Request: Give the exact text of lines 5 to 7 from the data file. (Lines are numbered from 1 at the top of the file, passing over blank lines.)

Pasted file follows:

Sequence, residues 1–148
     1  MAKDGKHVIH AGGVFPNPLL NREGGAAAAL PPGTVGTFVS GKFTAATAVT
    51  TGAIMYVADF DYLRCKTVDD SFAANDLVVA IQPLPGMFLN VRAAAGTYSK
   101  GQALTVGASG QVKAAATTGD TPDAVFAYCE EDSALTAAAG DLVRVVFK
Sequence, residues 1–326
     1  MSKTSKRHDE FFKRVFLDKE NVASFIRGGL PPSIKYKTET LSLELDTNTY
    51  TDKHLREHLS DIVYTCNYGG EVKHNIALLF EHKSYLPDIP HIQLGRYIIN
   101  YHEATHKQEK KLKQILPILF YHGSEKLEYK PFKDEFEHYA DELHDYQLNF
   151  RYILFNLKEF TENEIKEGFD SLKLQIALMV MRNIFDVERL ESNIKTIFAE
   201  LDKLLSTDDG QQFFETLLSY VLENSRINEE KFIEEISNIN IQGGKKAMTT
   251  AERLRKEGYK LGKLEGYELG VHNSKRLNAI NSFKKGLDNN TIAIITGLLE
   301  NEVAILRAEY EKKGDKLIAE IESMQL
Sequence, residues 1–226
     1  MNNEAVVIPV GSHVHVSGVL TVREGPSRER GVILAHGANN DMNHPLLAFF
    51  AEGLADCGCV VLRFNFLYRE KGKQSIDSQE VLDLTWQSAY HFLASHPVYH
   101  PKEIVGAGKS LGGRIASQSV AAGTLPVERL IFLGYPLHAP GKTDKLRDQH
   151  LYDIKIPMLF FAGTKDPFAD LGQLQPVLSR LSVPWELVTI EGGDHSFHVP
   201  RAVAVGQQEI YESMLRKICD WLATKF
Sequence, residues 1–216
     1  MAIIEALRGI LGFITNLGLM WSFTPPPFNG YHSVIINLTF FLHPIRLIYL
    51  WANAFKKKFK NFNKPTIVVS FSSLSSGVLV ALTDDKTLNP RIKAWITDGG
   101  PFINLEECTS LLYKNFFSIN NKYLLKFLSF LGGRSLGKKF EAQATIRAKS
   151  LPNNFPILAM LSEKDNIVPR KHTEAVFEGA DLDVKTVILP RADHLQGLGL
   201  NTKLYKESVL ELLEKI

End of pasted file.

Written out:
Sequence, residues 1–326
     1  MSKTSKRHDE FFKRVFLDKE NVASFIRGGL PPSIKYKTET LSLELDTNTY
    51  TDKHLREHLS DIVYTCNYGG EVKHNIALLF EHKSYLPDIP HIQLGRYIIN